The use of VC during the COVID-19 pandemic may yield useful knowledge regarding which patients and diseases would be relevant for VC and whether the use of VCs may be extended to a wide variety of patients and clinical situations. Moreover, there is a long-term perspective on the use of VC and thus a strong need for a guide on its implementation. The population of older adults is increasing, and the aging population has an increasing number of health problems. This may further increase the pressure on primary health care, which is often the first point of contact. In Denmark and similar countries, access to GPs is a rising concern, especially as their unavailability may push some people to seek help elsewhere or not at all [51,52]. If quicker and easier access to care means that more people in need of care would contact general practice, VC could be adopted as a patient entitlement under universal health coverage [53]. However, offering VCs may also increase the workload in general practice unless the video-based encounter is of shorter duration than (or of similar length to) an ordinary face-to-face consultation and requires no subsequent consultation [53]. The provision of VC is likely to depend on the remuneration for this type of service, and the remuneration of GPs for services provided is regulated by collective agreements between the Danish Regions and the Danish Organization of General Practitioners in Denmark [19].

Strengths and Limitations

A strength of this study is that all steps in the development process were described in detail. Using a coproduction approach with the triangulation of multiple data sources was an additional strength. Coproduction is known to improve the adaptation of the guide to a given context [25]. Using a coproduction approach allowed us to involve few but specifically selected participants for each phase. Concurrently, the rapid cycle approach ensured an agile process with adequate and suitable inputs.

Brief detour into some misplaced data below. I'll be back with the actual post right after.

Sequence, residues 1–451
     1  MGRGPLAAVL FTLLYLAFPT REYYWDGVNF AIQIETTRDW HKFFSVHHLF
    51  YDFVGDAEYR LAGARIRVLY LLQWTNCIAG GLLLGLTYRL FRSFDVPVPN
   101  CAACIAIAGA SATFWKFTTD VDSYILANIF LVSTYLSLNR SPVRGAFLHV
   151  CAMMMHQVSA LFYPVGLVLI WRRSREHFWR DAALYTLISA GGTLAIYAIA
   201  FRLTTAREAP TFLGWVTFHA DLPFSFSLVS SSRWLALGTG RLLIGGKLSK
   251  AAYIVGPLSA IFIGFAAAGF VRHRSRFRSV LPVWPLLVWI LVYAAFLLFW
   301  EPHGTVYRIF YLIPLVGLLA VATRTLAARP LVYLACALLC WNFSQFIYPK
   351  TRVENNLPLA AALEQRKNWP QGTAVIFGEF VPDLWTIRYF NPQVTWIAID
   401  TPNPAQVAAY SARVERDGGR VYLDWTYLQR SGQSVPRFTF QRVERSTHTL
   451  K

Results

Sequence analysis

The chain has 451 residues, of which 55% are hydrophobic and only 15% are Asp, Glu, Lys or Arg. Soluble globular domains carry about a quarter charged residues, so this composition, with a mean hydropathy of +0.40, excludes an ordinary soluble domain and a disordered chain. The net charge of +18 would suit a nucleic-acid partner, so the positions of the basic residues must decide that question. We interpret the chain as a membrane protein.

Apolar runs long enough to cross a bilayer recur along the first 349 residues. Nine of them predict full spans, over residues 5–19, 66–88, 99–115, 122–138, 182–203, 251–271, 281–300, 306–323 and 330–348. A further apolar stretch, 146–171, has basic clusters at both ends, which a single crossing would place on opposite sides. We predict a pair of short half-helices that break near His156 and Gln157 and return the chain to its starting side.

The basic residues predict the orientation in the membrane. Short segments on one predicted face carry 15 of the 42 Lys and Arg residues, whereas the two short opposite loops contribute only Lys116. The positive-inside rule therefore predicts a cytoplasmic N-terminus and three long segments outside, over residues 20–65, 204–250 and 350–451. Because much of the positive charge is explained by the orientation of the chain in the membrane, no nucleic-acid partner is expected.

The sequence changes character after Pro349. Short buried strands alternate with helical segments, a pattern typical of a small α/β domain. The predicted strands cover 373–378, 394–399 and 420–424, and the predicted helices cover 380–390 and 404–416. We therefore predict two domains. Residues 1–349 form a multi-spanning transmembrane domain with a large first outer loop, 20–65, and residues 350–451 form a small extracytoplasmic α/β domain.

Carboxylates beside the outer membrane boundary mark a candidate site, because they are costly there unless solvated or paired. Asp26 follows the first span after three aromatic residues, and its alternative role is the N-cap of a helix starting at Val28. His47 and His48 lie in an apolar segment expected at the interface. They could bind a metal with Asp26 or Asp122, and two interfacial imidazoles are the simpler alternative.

Analysis of the qualitative data with a team of coders proved highly successful in terms of reaching as many different perspectives on the available data as possible. The inclusion of additional coders and their interpretations served to enhance the credibility of the framework that emerged.

In 2 out of 4 workshops, it was only possible to recruit 3 participating GPs in each workshop compared with the 8 and 7 participating GPs in the 2 other workshops. Furthermore, although the 2 workshops contained only 3 GPs, we assessed that they contributed with just as many diverse perspectives and nuances regarding the content of the guide as those provided in the workshops with more participants. To some degree, homogeneity is recommended for participatory design [14]. The heterogeneity in our workshops showed that GPs had different needs and preferences. Generally, the coproduction processes contributed to identifying many perspectives on and experiences with VC to improve the guide’s content.

General practice in Denmark is organized into different types of clinics. VC will be implemented and used differently in the clinics, and it can be difficult to adapt VC to all the clinics. However, in all phases of this study, the recruited GPs were initially selected to represent a variety of GPs with and without experience with VC [17]. All GPs and other stakeholders were purposely sampled across the nation. Another strength of the developed materials is that the implementation guide and the website are freely available in a format that is directly applicable to general practice.